is part of the Informa Markets Division of Informa PLC
This site is operated by a business or businesses owned by Informa PLC and all copyright resides with them. Informa PLC's registered office is 5 Howick Place, London SW1P 1WG. Registered in England and Wales. Number 8860726.
Artificial Intelligence (AI) is becoming more powerful and ubiquitous by the minute, and every industry is trying to find ways to make use of the new technology. Agriculture is no exception, and many startups and companies are already incorporating cutting-edge AI tools into an age-old industry.
Last year, the market was estimated to be worth $1.1 Billion, and Vantage Market Research stated that the Artificial Intelligence (AI) in Agriculture Market is expected to reach $4.2 Billion by 2028, growing at a CAGR of 25.1%.
There are three main areas where AI has already shown great promise. Starting with the use of intelligent sensors, network-connected sensors can measure soil moisture, position, airflow, and weather. Having more accurate readings can help farmers adjust environmental factors to improve yield and lower costs. Which brings us to the second area where AI can help, replacing labor. Unfortunately, young people are less inclined to enter careers in the agricultural field, and skilled elderly farmers are retiring. AI can be used to automate many processes, reducing the need for extra labor. Finally, the use of drones can help farmers be more accurate in their use of chemical spraying to only target areas that are ready and in need, significantly decreasing the amount of spray needed and the chemicals entering groundwater.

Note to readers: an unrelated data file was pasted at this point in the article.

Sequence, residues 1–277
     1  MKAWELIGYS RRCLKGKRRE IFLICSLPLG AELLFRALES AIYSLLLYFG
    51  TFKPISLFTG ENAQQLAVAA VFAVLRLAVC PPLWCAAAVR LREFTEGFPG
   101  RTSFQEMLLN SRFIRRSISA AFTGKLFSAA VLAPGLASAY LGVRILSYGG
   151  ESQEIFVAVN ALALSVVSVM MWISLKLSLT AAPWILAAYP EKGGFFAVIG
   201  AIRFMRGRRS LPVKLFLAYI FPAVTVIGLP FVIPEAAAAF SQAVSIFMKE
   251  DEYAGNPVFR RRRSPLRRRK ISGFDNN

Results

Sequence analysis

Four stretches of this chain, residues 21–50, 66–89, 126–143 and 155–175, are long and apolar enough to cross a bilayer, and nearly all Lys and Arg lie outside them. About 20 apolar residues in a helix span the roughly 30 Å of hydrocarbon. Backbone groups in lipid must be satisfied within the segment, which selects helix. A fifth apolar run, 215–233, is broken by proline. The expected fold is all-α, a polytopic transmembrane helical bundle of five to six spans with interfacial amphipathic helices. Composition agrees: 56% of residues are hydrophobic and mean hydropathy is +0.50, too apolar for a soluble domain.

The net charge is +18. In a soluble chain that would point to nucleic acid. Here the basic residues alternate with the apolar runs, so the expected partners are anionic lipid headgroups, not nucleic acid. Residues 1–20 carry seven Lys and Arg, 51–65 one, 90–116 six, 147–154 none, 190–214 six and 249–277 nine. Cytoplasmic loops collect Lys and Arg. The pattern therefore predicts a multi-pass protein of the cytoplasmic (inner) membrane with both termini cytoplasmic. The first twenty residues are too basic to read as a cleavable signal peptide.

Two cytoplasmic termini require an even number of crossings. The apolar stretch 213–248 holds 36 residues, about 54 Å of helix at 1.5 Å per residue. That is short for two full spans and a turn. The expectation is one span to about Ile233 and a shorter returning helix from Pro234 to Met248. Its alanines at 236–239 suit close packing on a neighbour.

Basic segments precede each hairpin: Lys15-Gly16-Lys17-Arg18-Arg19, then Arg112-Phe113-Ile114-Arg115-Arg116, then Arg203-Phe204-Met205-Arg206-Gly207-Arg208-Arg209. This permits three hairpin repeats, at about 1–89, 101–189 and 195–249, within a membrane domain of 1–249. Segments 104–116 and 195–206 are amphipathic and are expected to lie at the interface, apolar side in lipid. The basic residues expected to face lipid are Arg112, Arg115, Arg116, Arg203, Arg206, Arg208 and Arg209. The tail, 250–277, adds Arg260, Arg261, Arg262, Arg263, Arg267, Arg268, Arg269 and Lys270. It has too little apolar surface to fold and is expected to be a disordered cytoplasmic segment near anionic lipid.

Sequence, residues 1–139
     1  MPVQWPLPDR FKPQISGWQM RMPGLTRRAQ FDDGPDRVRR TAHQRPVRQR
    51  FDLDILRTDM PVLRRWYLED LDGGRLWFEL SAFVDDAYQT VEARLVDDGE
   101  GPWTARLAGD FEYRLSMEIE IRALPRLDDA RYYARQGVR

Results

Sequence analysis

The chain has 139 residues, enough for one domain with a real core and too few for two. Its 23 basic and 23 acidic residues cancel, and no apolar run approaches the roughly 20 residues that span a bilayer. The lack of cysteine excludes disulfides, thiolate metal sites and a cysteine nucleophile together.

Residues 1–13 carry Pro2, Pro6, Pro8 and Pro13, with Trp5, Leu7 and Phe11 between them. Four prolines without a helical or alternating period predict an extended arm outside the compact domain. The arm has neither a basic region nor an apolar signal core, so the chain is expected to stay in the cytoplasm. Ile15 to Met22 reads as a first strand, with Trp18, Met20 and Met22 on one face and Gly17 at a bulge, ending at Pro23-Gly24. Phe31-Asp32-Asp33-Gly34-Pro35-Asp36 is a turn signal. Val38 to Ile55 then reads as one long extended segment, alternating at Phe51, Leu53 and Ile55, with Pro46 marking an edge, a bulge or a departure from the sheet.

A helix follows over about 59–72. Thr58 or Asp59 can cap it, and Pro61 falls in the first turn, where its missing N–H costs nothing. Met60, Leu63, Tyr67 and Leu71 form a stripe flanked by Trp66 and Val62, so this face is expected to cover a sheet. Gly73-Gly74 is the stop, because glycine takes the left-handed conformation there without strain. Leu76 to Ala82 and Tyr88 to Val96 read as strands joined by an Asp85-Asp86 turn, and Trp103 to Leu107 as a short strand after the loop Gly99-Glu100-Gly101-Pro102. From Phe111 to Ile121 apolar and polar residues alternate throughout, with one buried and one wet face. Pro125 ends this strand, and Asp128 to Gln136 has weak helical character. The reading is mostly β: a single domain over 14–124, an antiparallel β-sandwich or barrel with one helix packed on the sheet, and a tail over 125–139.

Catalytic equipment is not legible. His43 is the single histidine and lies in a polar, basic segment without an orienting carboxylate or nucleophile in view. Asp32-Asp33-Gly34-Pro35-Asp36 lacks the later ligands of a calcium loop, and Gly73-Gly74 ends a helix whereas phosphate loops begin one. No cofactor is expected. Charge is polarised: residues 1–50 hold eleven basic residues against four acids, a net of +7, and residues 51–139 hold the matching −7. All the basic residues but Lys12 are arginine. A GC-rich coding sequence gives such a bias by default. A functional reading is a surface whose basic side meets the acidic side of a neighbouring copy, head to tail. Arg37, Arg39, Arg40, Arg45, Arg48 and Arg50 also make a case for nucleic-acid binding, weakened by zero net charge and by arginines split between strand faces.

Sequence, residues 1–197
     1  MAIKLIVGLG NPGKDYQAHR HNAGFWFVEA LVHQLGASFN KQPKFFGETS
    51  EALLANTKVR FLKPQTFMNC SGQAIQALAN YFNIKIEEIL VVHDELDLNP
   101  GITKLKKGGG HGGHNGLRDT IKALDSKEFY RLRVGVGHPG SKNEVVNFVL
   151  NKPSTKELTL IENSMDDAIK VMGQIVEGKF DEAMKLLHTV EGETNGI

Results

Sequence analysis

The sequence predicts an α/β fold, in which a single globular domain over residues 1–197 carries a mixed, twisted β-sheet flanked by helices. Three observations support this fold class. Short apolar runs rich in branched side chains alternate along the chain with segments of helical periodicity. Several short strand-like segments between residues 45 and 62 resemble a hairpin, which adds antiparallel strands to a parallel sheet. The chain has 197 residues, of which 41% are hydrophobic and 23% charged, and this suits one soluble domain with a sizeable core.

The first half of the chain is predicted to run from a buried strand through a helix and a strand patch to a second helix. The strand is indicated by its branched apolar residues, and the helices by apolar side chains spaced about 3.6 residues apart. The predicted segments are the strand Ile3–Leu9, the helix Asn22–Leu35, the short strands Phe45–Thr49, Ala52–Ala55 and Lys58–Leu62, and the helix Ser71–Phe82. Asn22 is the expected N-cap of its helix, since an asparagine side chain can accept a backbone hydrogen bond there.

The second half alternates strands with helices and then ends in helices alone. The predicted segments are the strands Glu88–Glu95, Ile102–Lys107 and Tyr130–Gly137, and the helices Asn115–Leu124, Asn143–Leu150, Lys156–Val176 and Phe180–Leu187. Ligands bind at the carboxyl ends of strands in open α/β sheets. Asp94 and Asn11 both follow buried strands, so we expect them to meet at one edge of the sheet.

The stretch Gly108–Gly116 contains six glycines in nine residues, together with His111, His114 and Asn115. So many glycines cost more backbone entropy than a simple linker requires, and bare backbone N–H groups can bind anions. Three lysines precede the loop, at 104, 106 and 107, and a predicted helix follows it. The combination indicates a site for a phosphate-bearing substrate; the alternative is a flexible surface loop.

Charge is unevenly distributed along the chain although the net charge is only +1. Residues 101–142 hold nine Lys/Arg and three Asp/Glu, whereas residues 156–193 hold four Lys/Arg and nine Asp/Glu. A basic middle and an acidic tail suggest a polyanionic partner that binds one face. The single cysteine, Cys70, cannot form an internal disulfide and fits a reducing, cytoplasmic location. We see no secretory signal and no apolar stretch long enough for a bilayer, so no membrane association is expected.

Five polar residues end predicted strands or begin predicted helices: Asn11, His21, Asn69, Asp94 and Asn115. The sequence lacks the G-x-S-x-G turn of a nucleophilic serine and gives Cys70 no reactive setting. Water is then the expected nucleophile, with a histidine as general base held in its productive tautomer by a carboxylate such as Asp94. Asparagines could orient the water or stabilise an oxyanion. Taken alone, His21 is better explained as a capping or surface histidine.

Many associate AI with large-scale farming, while this may be the case in a lot of applications, Ai can still be hugely beneficial to smallholder farming as the technology becomes more mainstream and more affordable. The cost savings and yield increases will more than cover the initial cost of the investment in these new technologies. While many of these tools are being created for the use of larger scale farms, many researchers and organizations are leveraging Big Data and machine learning to provide dynamic open-source information and tools that can be used by anyone, regardless of scale.
Engineers and developers in Africa are jumping on the bandwagon and creating tools that can help even the smallest farmers, designed specifically for the region's needs.
In Tanzania, Project Artemis, a new collaboration, is using advanced phenotyping technology to help breeders and smallholder farmers discover strains that are more resistant to water shortages and result in larger yields.
In Kenya, farmers are using UjuziKilimo, an AI platform that provides agricultural data to smallholder farmers.
While Software developers from Mbale, Uganda used Google's TensorFlow, an open-source machine learning platform, to create the "Farmers Companion App" which prevents the spread of Fall Armyworm from damaging crops.